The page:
I’ve always wanted to go to India. I’m not sure why exactly, but I’ve always been drawn to it. For decades, in my mind’s eye, I’ve imagined India as a land of brilliant colors and ornate dress; deep, tropical forests; and wildly diverse, contemplative people. I’ve imagined it, too, as a place filled with wondrous plants and animals, where the scents of a rich culinary tradition fill the streets and market places, while hypnotic, purling music provides a mesmerizing background soundtrack.

When I was younger, I read a lot. You know: classics like The Jungle Book, and Around the World in 80 Days. I can’t be sure, but I think the stories of far-away, long-ago lands that we absorb as children stay with us throughout life. If you’ve always had an unexplained yearning to see a particular place, or to learn more about a specific time or era, I’m willing to bet that the seed was planted during the telling of a bedtime story when you were young. Most probably the lights would have been low; your bed would have been warm and safe. You would have listened to the dulcet tones of your mother, or your father, or perhaps a grandparent, as they told you time-honored tales that transported you to another world. This is the stuff of childhood for many of us. And it’s magical.

I’m 32 years old now, and I’ve finally made it to India. I didn’t make it here on my own. I’ve been sent here, to Mumbai, by SAP, a company that has changed my life since I joined it in 2012. It’s provided me with a great job, fantastic opportunities to learn and grow, and even a new country for me to move to (the UAE). Because of this move, I was lucky enough to be in the right place at the right time to meet my wife. SAP has also given me – either directly or (more often) indirectly – opportunities to travel to places like Saudi Arabia, Oman, Polynesia, the Philippines and Germany. But something tells me that of all the places I’ve ever been to, Mumbai will be different. I’m here with 11 colleagues, not to attend a training course or to participate in a customer engagement activity, but to work on the ground for 30 days with some remarkable grass roots organizations. My challenge will be to help effect positive change in the lives of some of the poorest families in India. The key beneficiaries will be their children – children whose childhoods could not be more different from the one I enjoyed when I was their age. I was dreaming of an India that they would probably not recognize.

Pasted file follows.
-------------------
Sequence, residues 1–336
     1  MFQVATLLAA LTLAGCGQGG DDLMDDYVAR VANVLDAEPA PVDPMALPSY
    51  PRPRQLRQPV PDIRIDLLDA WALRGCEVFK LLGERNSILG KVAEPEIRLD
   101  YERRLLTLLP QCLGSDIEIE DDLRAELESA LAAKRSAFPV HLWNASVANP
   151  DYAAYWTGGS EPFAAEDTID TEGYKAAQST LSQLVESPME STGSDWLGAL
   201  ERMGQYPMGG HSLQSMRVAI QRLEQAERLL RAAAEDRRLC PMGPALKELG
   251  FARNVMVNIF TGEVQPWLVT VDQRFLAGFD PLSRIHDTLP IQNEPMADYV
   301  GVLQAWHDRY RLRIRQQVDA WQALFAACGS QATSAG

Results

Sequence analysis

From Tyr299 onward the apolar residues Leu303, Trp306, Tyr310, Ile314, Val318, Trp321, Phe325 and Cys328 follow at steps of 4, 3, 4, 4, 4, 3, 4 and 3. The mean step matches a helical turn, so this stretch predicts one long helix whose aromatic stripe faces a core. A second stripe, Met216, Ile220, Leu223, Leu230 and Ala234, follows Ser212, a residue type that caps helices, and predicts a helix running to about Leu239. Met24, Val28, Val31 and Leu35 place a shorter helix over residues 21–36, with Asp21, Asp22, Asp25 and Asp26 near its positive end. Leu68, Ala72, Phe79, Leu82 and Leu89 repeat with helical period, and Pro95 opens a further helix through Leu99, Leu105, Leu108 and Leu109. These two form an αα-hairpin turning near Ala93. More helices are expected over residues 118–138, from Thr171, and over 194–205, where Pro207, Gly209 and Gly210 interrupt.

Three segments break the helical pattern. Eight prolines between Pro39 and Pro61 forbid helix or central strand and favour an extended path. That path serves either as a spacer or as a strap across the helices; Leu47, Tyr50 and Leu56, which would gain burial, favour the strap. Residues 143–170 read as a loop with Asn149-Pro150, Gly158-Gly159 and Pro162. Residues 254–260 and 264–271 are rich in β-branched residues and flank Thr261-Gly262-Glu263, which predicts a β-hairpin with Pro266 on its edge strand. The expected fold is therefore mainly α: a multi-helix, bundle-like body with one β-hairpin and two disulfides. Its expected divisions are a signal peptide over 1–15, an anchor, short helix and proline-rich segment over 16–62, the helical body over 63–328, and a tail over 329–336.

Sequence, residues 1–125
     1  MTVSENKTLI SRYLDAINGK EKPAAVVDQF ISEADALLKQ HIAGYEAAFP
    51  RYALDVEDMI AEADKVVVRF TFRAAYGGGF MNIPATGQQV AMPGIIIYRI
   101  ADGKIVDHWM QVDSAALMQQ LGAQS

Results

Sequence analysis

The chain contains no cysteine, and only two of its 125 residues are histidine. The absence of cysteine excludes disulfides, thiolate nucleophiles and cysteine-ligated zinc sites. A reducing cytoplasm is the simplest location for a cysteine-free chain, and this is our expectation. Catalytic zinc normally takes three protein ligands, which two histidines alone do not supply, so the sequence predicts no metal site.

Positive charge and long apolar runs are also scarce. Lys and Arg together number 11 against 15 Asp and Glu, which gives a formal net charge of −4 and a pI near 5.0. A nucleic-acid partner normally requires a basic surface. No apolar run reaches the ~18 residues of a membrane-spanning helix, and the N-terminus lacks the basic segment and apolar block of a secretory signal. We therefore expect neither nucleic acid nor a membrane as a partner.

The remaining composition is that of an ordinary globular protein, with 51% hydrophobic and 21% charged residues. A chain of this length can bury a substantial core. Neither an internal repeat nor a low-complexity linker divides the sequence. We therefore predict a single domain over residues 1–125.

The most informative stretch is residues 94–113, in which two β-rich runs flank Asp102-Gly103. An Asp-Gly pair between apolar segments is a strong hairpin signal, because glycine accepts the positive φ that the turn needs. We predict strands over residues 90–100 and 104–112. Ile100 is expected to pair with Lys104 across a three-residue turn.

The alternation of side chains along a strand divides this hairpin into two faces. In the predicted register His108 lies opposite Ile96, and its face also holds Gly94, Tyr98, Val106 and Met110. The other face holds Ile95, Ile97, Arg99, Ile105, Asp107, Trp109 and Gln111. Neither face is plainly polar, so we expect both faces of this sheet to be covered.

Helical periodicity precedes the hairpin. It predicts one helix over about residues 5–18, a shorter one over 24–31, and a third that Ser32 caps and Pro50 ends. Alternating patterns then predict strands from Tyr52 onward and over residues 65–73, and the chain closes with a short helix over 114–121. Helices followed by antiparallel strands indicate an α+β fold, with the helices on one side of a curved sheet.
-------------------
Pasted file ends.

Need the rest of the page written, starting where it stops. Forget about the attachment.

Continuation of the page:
I’ll be blogging about my experiences for the next four weeks, providing more details in the days ahead. For now I’ll just sign off by confirming that when SAP says it wants to make the world run better and help improve people’s lives, it’s not just an empty corporate slogan. It’s really true. Search the web for “SAP Social Sabbatical” to see what I mean.

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